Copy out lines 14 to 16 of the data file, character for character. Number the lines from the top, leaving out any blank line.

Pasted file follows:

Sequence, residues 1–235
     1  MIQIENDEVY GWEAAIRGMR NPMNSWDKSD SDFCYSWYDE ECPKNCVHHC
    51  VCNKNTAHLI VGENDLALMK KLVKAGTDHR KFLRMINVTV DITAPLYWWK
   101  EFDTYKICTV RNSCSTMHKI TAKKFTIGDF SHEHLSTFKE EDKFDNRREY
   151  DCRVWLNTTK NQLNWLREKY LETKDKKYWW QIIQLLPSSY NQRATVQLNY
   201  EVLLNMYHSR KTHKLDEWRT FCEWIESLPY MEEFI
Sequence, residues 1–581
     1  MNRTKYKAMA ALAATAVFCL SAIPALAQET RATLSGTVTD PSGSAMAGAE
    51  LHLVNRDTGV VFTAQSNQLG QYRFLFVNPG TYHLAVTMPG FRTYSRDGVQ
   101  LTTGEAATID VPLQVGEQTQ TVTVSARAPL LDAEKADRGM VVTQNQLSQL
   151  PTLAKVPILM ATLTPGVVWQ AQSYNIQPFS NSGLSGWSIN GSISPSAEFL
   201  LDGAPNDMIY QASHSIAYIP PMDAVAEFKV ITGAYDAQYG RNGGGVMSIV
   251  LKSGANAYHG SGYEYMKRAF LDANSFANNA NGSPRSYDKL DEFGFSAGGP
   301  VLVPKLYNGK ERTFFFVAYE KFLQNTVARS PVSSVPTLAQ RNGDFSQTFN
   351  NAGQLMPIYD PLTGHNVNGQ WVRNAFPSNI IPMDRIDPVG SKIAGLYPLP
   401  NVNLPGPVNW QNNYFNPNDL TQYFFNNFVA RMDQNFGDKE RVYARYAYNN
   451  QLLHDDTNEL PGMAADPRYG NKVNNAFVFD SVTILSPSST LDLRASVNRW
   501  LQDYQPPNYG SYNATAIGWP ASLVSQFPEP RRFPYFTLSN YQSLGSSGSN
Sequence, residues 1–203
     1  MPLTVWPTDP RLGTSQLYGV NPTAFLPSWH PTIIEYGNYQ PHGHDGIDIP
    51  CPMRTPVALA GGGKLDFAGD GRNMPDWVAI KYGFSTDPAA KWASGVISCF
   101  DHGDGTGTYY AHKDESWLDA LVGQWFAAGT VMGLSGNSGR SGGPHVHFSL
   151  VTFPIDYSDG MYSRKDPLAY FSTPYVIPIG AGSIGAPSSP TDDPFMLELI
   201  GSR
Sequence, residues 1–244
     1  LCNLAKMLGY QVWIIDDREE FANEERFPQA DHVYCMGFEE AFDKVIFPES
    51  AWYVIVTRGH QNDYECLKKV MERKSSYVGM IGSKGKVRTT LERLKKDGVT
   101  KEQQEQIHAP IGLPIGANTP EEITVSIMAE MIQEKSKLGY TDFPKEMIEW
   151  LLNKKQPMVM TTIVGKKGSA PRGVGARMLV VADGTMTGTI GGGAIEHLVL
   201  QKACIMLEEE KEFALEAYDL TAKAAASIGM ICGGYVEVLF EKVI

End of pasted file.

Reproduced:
   301  VLVPKLYNGK ERTFFFVAYE KFLQNTVARS PVSSVPTLAQ RNGDFSQTFN
   351  NAGQLMPIYD PLTGHNVNGQ WVRNAFPSNI IPMDRIDPVG SKIAGLYPLP
   401  NVNLPGPVNW QNNYFNPNDL TQYFFNNFVA RMDQNFGDKE RVYARYAYNN